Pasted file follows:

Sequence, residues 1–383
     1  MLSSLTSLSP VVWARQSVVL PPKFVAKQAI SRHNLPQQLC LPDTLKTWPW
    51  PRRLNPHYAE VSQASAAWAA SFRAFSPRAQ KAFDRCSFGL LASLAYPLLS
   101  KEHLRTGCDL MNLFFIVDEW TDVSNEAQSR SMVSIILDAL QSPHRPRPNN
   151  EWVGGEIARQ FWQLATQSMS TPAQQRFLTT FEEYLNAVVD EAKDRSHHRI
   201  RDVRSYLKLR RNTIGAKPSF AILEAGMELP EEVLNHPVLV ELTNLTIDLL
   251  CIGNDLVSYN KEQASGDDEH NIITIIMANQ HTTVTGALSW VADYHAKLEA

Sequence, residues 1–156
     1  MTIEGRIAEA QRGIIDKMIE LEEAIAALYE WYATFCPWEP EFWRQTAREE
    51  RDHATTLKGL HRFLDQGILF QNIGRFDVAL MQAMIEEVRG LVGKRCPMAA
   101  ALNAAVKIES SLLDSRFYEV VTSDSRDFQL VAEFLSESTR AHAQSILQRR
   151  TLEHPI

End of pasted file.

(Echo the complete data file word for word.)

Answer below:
Sequence, residues 1–383
     1  MLSSLTSLSP VVWARQSVVL PPKFVAKQAI SRHNLPQQLC LPDTLKTWPW
    51  PRRLNPHYAE VSQASAAWAA SFRAFSPRAQ KAFDRCSFGL LASLAYPLLS
   101  KEHLRTGCDL MNLFFIVDEW TDVSNEAQSR SMVSIILDAL QSPHRPRPNN
   151  EWVGGEIARQ FWQLATQSMS TPAQQRFLTT FEEYLNAVVD EAKDRSHHRI
   201  RDVRSYLKLR RNTIGAKPSF AILEAGMELP EEVLNHPVLV ELTNLTIDLL
   251  CIGNDLVSYN KEQASGDDEH NIITIIMANQ HTTVTGALSW VADYHAKLEA

Sequence, residues 1–156
     1  MTIEGRIAEA QRGIIDKMIE LEEAIAALYE WYATFCPWEP EFWRQTAREE
    51  RDHATTLKGL HRFLDQGILF QNIGRFDVAL MQAMIEEVRG LVGKRCPMAA
   101  ALNAAVKIES SLLDSRFYEV VTSDSRDFQL VAEFLSESTR AHAQSILQRR
   151  TLEHPI